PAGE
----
Immunization Action Coalition and the Hepatitis B Coalition

IAC EXPRESS

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Issue Number 425            November 17, 2003

CONTENTS OF THIS ISSUE

  1. CDC Health Advisory: Consumers advised that recent hepatitis A outbreaks have been associated with green onions
  2. CDC reports on first human death associated with raccoon rabies
  3. Wisconsin enacts legislation requiring college students to receive meningococcal and hepatitis B information
  4. IAC posts new and revised Asian-language translations of the 2003-04 inactivated influenza VIS on its website
  5. Free: Bulk copies of the latest issue of "NEEDLE TIPS" (October 2003) are just a click away
  6. Last chance: Adult Immunization Record Card available by the carton at half-price--while supplies last
  7. December 15 is the deadline for abstracts for the National Conference on Immunization Coalitions

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November 17, 2003
CDC HEALTH ADVISORY: CONSUMERS ADVISED THAT RECENT HEPATITIS A OUTBREAKS HAVE BEEN ASSOCIATED WITH GREEN ONIONS

On November 15, the Centers for Disease Control and Prevention (CDC) issued the following official CDC Health Advisory. CDC notes that a Health Advisory "provides important information for a specific incident or situation; [it] may not require immediate action." It is reprinted below in its entirety.

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This is an official CDC Health Advisory

Distributed via Health Alert Network
November 15, 2003 19:28 EST (7:28 PM EST)

FROM FDA: CONSUMERS ADVISED THAT RECENT HEPATITIS A OUTBREAKS HAVE BEEN ASSOCIATED WITH GREEN ONIONS

The Food and Drug Administration is advising the public that several recent hepatitis A outbreaks have been associated with eating raw or undercooked green onions (scallions). Hepatitis A is a liver disease that develops within 6 weeks of an exposure. Hepatitis A is usually mild and characterized by jaundice (yellow discoloration of the skin), fatigue, abdominal pain, loss of appetite, nausea, diarrhea, and fever. It can occasionally be severe, especially in people with liver disease.

Hepatitis A outbreaks associated with raw or undercooked green onions served in restaurants occurred in Tennessee, North Carolina, and Georgia in September. Another outbreak of hepatitis A among patrons of a single restaurant occurred in Pennsylvania during late October and early November, although the source of the outbreak has not yet been determined. CDC and the State of Pennsylvania have an investigation underway to determine if a specific food is associated with the Pennsylvania outbreak, and if so, the exact source. The source of the green onions in the Tennessee outbreak is Mexico. FDA is continuing to investigate and is working with Mexican authorities to assess appropriate measures. FDA offers the following advice to consumers concerned about the possibility of getting hepatitis A from green onions:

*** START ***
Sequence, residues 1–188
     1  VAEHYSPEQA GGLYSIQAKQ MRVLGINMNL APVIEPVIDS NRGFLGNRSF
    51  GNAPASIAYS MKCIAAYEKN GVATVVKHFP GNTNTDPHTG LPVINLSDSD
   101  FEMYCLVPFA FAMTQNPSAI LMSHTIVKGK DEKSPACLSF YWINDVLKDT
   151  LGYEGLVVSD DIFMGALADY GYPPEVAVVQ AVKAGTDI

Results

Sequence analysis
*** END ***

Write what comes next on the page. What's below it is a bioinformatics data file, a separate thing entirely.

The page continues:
• Cook green onions thoroughly. This minimizes the risk of illness by reducing or eliminating the virus. Cook in a casserole or saute in a skillet.
     
  • Check food purchased at restaurants and delicatessens and ask whether menu items contain raw or lightly cooked green onions. Consumers who wish to reduce the risk of contracting hepatitis should avoid food that contains raw green onions and specifically request that raw or lightly cooked green onions not be added to their food. Foods such as freshly prepared salsa and green salads often contain raw green onions.

FDA, CDC, and the States are actively investigating the outbreaks in an attempt to determine the exact source of the green onions associated with the outbreaks and how they became contaminated, so that corrective action can be taken.

While the investigations are ongoing, FDA will closely monitor the safety of green onions and will take further actions as necessary to protect consumers. Consumers who have recently eaten raw or lightly cooked green onions do not need to take any specific measures, but should monitor their health. Consumers who are experiencing symptoms that could be hepatitis A should consult their health care providers or the local health department. FDA ON THE INTERNET: www.fda.gov

For information about hepatitis A:
http://www.cdc.gov/ncidod/diseases/hepatitis/a/faqa.htm

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November 17, 2003
CDC REPORTS ON FIRST HUMAN DEATH ASSOCIATED WITH RACCOON RABIES

The Centers for Disease Control and Prevention (CDC) published "First Human Death Associated with Raccoon Rabies--Virginia, 2003" in the November 14 issue of "Morbidity and Mortality Weekly Report" (MMWR). A summary made available to the press is reprinted below in its entirety.